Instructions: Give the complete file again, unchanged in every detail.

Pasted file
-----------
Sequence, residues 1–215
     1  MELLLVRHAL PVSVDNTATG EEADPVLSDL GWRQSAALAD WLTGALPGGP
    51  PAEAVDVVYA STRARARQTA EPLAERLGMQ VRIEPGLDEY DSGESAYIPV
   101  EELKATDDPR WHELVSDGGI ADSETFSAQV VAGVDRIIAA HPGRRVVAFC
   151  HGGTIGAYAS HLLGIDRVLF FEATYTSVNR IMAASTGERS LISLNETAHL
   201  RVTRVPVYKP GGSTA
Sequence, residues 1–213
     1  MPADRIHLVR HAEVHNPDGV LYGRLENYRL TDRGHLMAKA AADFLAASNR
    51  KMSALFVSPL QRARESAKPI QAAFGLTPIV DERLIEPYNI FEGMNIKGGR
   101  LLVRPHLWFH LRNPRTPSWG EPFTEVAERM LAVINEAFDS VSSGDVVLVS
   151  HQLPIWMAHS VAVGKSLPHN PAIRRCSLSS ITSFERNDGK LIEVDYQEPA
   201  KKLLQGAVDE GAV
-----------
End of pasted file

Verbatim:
Sequence, residues 1–215
     1  MELLLVRHAL PVSVDNTATG EEADPVLSDL GWRQSAALAD WLTGALPGGP
    51  PAEAVDVVYA STRARARQTA EPLAERLGMQ VRIEPGLDEY DSGESAYIPV
   101  EELKATDDPR WHELVSDGGI ADSETFSAQV VAGVDRIIAA HPGRRVVAFC
   151  HGGTIGAYAS HLLGIDRVLF FEATYTSVNR IMAASTGERS LISLNETAHL
   201  RVTRVPVYKP GGSTA
Sequence, residues 1–213
     1  MPADRIHLVR HAEVHNPDGV LYGRLENYRL TDRGHLMAKA AADFLAASNR
    51  KMSALFVSPL QRARESAKPI QAAFGLTPIV DERLIEPYNI FEGMNIKGGR
   101  LLVRPHLWFH LRNPRTPSWG EPFTEVAERM LAVINEAFDS VSSGDVVLVS
   151  HQLPIWMAHS VAVGKSLPHN PAIRRCSLSS ITSFERNDGK LIEVDYQEPA
   201  KKLLQGAVDE GAV